“We’re living in a crisis right now where people are dying of a communicable disease that we have never seen before this year, and corporations are still forcing people to go to work for minimum wage,” Cole said. “Black people are disproportionately dying of COVID, working for these corporations instead of staying home.”
Trudeau positions Canada as champion of co-ordinated global recovery plan – CBC.ca
Prime Minister Justin Trudeau will continue today to make the case for a co-ordinated global response to cushion the economic impact of the COVID-19 pandemic on the world’s poorest countries.
He’ll be among the leaders and heads of state to deliver remarks during a virtual summit of the Organization of African, Caribbean, and Pacific States (OACPS).
Among other things, he is expected to promise that Canada will partner with developing countries, which stand to be the hardest hit by the pandemic, and help to rally the world behind measures like debt relief to help them survive the crisis.
That is similar to the message Trudeau delivered last week while co-hosting a major United Nations summit, alongside UN secretary general Antonio Guterres and Jamaican Prime Minister Andrew Holness.
Without a global co-ordinated recovery plan, the UN estimates the pandemic could slash nearly $8.5 trillion US from the world economy over the next two years, forcing 34.3 million people into extreme poverty this year and potentially 130 million more over the course of the decade.
While no country has escaped the economic ravages of the deadly novel coronavirus that causes COVID-19, developing countries, already in debt distress before the pandemic, cannot afford the kinds of emergency benefits and economic stimulus measures undertaken in wealthy, industrialized countries like Canada.
Bank of Canada holds rate steady, saying COVID-19 economic impact 'appears to have peaked' – CBC.ca
The Bank of Canada held its benchmark interest rate steady at 0.25 per cent on Wednesday and said it thinks the economic impact of COVID-19 on the world’s economy “appears to have peaked.”
Canada’s central bank has dropped its rate dramatically since the pandemic began, cutting its rate from 1.75 per cent in late February to 0.25 per cent barely a month later.
The bank’s rate influences the rates that Canadian borrowers and savers get from their banks on things like mortgages and bank accounts. The central bank cut its rate in an attempt to encourage borrowing and investing to stimulate the economy, but those rate cuts weren’t the only thing it did to try to buttress the economy from the unprecedented hit of COVID-19.
The bank also started a number of bond and debt-buying programs in order to make sure there is enough cash in the system.
It announced on Wednesday it will tinker with two of them because things are starting to look up, but it is still buying up government bonds at a record-setting pace in order to make sure banks have enough cash on hand to lend to credit worthy borrowers.
“The Bank’s programs to improve market function are having their intended effect,” the bank said. “After significant strains in March, short-term funding conditions have improved. Therefore, the Bank is reducing the frequency of its term repo operations to once per week, and its program to purchase bankers’ acceptances to bi-weekly operations.”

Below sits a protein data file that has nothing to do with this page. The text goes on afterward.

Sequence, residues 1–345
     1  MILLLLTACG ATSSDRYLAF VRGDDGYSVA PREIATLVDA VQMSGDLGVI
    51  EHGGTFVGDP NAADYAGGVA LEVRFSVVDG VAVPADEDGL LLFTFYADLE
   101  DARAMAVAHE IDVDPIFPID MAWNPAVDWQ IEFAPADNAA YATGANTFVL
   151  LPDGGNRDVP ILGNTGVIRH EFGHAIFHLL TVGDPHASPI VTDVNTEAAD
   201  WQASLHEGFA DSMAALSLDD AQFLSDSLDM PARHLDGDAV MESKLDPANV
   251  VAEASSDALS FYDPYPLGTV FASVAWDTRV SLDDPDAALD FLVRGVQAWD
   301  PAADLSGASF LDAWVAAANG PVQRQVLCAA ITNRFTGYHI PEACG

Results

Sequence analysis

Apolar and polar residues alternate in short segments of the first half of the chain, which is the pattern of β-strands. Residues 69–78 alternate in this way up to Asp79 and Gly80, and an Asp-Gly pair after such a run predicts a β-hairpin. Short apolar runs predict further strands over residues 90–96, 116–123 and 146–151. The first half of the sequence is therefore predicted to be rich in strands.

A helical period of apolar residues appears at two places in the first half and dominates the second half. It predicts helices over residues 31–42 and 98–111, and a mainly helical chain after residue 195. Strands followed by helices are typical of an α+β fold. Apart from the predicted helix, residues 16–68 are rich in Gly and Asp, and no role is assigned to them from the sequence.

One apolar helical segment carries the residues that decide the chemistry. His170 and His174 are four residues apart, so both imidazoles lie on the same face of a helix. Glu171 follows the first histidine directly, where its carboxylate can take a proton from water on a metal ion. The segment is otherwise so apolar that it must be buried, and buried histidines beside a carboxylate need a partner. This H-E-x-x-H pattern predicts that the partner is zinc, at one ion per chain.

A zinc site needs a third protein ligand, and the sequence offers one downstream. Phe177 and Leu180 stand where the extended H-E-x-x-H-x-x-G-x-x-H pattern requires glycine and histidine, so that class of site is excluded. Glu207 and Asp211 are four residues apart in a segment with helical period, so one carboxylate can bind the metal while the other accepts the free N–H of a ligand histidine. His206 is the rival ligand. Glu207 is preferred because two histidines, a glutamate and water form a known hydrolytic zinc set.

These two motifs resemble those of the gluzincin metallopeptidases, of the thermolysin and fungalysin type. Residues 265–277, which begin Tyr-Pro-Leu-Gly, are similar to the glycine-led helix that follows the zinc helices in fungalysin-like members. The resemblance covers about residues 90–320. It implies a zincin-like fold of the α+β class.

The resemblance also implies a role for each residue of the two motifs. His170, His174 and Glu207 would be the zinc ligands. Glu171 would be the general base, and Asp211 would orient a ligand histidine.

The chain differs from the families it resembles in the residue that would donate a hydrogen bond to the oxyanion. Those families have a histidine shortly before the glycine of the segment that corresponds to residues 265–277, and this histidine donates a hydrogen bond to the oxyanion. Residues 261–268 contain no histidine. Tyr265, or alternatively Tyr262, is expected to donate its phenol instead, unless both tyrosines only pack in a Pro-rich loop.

Bank of Montreal economist Benjamin Reitzes noted that “both of these operations have seen much less take-up (or none at all) of late.”
“The bank stands ready to adjust these programs if market conditions warrant,” the central bank said. “Meanwhile, its other programs to purchase federal, provincial, and corporate debt are continuing at their present frequency and scope.”
In barely two months, the feverish pace of bond buying to buttress the economy has ballooned the bank’s balance sheet by $125 billion, Toronto-Dominion Bank economist James Orlando calculated.
Slowing the frequency of new purchases is likely to bring that number down a little, but stimulus measures will remain in place for a while yet, CIBC economist Royce Mendes says.
“The bank had accumulated a large swath of short-term securities on its balance sheet, but now that those programs can wind down, the composition of the bank’s balance sheet is likely to change.”
Worst case scenario avoided for now
The reason for the bank’s cautious optimism is the bank’s belief that Canada has avoided the worst-case economic scenario that it painted in April.
The central bank now expects GDP to decline between 10 and 20 per cent compared with the fourth quarter of 2019, less than the 15 to 30 per cent decline forecast in April.
“Massive policy responses in advanced economies have helped to replace lost income and cushion the effect of economic shutdowns,” the bank said in explaining its rate decision. “Financial conditions have improved, and commodity prices have risen in recent weeks after falling sharply earlier this year.
The rate decision means that Canadians with variable rate mortgages shouldn’t expect any changes to their lending rate any time soon.
“The historically low mortgage rates currently in the market are here to stay until the economy approaches the level it was at before the pandemic started,” said James Laird, co-founder of Ratehub.ca and president of mortgage brokerage CanWise Financial.
“This means that anyone with a variable rate can expect prime to remain unchanged. Fixed rates will stay near historic lows.”
Wednesday’s decision is the last one under the leadership of Stephen Poloz. Tiff Macklem was named to replace him. Macklem “participated as an observer in governing council’s deliberations for this policy interest rate decision and endorses the rate decision and measures announced in this press release,” the bank said Tuesday.